Harsh Mander: An Icon of Courage and Hope 

Reports started appearing in all newspapers about Gujarat carnage from the very first day. But the carnage acquired a new perspective with an article that appeared in the Times of India 2o March. The piece written by a serving IAS officer was shockingly frank and unimaginable. It caused many people to cry. It was about the unprecedented killings of Muslims that were woefully brutal, about loot and rapine and unimaginably cruel treatment meted out to women of all ages by Sangh criminals.

Harsh Mander, who took his heart out while writing, has since resigned from his post. He was among the first people outside the state to visit and see the gravity of the situation and how the ethnic cleansing was carried out. He frequently visited Ahmadabad in March in connection with his assignment with ActionAid India, an NGO. In his TOI article, he wrote, ‘In Ahmadabad, most people I met-social workers, journalists, survivors, agree that what Gujarat witnessed was not a riot but a terrorist attack followed by a systematic, planned massacre, a pogrom, everyone spoke of pillage and plunder, being organized like a military operation against an external armed enemy’. 

Mander was probably the first person who recounted how whole Muslim localities were electrocuted, how mosques and shrines were damaged beyond recognition and how meticulously the Sangh criminals did all this without incurring any damage to themselves. He wrote, ‘This was not a spontaneous upsurge of mass anger. It was a carefully planned pogrom. The trucks carried quantities of gas cylinders. Rich Muslim homes and business establishments were first systematically looted, stripped down of all their valuables, then cooking gas was released from cylinders into the buildings for several minutes. A trained group member then lit the flame, efficiently engulfing the building. In some cases, acetylene gas, used for welding steel, was employed to explode large concrete buildings. Mosques and dargahs were razed and were replaced by statues of Hanuman and saffron flags.’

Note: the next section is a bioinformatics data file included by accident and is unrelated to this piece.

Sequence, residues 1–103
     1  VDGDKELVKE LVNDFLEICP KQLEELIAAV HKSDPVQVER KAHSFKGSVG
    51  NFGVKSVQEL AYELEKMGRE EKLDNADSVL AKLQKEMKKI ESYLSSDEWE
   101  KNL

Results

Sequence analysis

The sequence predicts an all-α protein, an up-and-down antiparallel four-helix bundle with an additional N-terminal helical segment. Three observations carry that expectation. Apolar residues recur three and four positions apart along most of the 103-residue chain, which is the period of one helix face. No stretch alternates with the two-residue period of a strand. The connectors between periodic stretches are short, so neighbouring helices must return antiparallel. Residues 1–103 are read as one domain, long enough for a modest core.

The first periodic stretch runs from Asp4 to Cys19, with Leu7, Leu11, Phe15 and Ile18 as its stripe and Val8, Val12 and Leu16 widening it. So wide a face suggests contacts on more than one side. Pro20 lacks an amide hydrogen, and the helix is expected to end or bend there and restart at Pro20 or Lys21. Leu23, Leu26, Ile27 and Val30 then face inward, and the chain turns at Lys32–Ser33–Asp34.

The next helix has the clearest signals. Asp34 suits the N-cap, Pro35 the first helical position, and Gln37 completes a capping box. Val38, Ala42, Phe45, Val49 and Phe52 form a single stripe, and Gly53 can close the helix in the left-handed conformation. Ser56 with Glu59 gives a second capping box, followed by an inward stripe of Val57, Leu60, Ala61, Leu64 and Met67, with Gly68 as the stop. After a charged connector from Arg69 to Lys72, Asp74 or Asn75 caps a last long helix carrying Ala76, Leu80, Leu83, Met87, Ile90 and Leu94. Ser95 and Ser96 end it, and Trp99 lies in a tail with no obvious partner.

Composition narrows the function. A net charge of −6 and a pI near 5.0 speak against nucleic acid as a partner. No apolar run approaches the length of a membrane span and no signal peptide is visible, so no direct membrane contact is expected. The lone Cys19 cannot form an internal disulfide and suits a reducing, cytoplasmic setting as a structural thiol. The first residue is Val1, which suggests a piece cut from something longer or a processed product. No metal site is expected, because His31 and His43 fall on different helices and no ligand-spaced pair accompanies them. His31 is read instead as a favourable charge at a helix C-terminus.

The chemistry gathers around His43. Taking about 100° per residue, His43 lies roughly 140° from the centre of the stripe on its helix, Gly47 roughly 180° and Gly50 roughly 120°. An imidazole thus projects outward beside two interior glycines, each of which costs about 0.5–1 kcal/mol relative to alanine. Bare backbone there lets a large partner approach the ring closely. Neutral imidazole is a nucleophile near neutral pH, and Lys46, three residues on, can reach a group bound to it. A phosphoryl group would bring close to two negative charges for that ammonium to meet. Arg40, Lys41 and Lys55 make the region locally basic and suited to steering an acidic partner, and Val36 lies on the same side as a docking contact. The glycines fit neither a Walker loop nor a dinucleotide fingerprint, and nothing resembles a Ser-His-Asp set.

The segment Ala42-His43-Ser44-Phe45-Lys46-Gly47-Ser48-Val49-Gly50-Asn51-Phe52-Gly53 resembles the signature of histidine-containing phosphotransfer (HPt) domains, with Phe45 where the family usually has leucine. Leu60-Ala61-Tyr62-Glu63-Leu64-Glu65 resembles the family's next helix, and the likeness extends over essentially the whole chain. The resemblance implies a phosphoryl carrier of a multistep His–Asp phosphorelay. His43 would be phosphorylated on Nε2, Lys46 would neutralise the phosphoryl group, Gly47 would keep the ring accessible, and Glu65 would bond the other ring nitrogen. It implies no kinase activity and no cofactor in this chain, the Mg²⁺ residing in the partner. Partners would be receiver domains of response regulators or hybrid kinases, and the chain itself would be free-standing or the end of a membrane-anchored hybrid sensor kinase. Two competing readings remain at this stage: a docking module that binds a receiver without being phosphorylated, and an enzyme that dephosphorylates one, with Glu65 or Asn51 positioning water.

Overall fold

People were shattered after going through this account which came from no less than a serving IAS officer of no less stature than the deputy director of IAS Academy, Mussoorie. 

Harsh Mander resigned after visiting satan’s own country when he saw the collaboration of bureaucrats and senior police officers during the carnage that continues unabated even today. Mander compares the Gujarat pogrom to the situation in Nazi Germany and says that what happened in Gujarat is the culmination of the conspiracy of silence. 

Harsh Mander has been in the service for around 20 years and has served in various capacities, including district collector and managing director of SC/ST Finance Corporation. He says, ‘As one who has served in the IAS for over two decades, I feel great shame at the abdication of duty by my peers in the civil and police administration. The law did not require them to await orders from their political supervisors. The law instead requires them to act independently, fearlessly, impartially, decisively with courage and compassion.’ He says, ‘having been the collector in six districts of Madhya Pradesh and being experienced in controlling riots, I have one thing to say: even one officer, if he commits, can control riots within a few hours.’